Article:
When it comes to the sassy princesses who star in Disney's hit film
Elsa and sister Anna, the animated duo behind the 2013 movie, have rapidly become the rulers of a retail empire that keeps expanding like a magic ice floe in a weirdly enchanted kingdom.
The two royals are immortalized in a vast array of products for multiple age groups, including dolls, silvery children's dress-up wigs, iPhone cases and adult-size lingerie. Even sidekicks Sven the reindeer and Olaf the snowman make appearances on goods, including T-shirts, dental floss and notebooks.
The film has been a huge boon for Burbank-based Walt Disney Co. "Frozen" mania pushed its profit up 19% to $2.2 billion in its fiscal first quarter ended Dec. 27. Revenue climbed 9% to $13.4 billion.
"A full year after its release, we're seeing the true impact of 'Frozen' across our entire company," Disney Chief Executive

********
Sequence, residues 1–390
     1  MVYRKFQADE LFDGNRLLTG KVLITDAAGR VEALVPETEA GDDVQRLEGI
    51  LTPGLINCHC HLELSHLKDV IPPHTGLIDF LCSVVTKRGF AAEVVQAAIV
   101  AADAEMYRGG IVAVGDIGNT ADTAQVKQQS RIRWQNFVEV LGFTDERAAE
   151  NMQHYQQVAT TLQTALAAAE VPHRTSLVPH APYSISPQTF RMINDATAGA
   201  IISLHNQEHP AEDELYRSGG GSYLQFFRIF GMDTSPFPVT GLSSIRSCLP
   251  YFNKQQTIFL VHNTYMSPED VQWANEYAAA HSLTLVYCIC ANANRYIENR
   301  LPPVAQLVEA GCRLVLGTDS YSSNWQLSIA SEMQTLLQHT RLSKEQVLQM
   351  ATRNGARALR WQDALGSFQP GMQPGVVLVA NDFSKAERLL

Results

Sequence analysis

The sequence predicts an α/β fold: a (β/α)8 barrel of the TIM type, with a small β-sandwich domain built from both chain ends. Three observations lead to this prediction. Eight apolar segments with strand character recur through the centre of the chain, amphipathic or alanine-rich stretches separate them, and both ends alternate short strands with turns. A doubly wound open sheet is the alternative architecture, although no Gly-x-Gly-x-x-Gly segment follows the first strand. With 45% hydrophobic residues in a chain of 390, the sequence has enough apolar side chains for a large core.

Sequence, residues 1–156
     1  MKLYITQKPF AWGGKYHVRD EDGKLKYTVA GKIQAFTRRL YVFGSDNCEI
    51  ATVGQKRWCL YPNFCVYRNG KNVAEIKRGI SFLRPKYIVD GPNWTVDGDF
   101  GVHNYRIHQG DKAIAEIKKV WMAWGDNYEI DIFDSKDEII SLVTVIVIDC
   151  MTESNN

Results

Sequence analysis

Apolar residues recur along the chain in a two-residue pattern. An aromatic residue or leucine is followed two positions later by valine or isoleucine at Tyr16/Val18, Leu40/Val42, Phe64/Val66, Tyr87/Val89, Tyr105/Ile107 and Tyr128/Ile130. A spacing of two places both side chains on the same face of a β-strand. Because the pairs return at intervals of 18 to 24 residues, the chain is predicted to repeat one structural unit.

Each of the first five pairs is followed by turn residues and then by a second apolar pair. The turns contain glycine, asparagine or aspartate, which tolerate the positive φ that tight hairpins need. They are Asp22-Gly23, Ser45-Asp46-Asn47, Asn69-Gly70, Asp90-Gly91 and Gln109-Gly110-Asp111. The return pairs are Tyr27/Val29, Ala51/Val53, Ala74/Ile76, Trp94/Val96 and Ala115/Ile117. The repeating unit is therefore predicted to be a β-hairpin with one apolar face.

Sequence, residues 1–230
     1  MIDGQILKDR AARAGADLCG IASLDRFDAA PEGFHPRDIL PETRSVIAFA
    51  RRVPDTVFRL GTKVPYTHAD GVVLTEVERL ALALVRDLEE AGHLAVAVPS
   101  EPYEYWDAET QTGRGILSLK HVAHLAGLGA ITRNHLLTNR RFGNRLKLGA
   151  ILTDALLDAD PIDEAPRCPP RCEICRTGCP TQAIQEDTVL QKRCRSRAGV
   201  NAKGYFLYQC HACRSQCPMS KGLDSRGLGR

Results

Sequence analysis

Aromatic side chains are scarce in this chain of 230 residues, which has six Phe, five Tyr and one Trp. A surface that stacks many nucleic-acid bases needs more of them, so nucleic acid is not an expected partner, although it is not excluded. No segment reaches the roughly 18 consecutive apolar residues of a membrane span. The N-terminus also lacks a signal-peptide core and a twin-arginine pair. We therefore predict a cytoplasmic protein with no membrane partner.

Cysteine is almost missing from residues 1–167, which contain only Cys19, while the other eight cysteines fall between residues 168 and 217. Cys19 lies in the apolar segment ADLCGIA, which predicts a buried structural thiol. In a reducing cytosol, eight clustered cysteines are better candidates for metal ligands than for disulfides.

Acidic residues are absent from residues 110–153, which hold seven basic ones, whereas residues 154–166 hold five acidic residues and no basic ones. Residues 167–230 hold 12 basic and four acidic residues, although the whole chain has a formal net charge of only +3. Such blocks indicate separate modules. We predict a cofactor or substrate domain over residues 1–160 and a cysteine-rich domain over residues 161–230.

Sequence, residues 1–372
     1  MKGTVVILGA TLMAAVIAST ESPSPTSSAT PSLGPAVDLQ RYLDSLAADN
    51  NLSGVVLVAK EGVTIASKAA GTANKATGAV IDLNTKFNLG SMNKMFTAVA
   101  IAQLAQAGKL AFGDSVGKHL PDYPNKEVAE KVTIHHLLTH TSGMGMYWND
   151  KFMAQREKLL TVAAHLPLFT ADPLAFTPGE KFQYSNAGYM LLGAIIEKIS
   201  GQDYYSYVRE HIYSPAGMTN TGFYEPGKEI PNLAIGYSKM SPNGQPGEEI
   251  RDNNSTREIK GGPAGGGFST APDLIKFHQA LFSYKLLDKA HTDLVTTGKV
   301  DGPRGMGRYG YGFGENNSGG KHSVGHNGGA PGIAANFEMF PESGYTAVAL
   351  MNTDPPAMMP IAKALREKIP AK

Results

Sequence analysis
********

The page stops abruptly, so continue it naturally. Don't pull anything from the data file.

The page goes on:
The success of "Frozen" helped give the overall toy industry a $531-million boost in 2014, the research firm NPD Group said, which dubbed the brand the biggest and fastest growing toy property of the year.
After becoming the highest grossing animated film of all time, the popularity of "Frozen" shows little sign of melting away. Next week, Disney is launching a short film called "Frozen Fever" that will air before a live-action retelling of the classic Cinderella tale, in which the ball-gowned heroine bears a striking resemblance to Elsa.
"When you have a jackpot like 'Frozen,' it can go on forever," said Jason Moser, an analyst at the Motley Fool. "This really goes back to what Disney does so well — they can create a movie like 'Frozen' and take it in a number of different directions and continue to make money."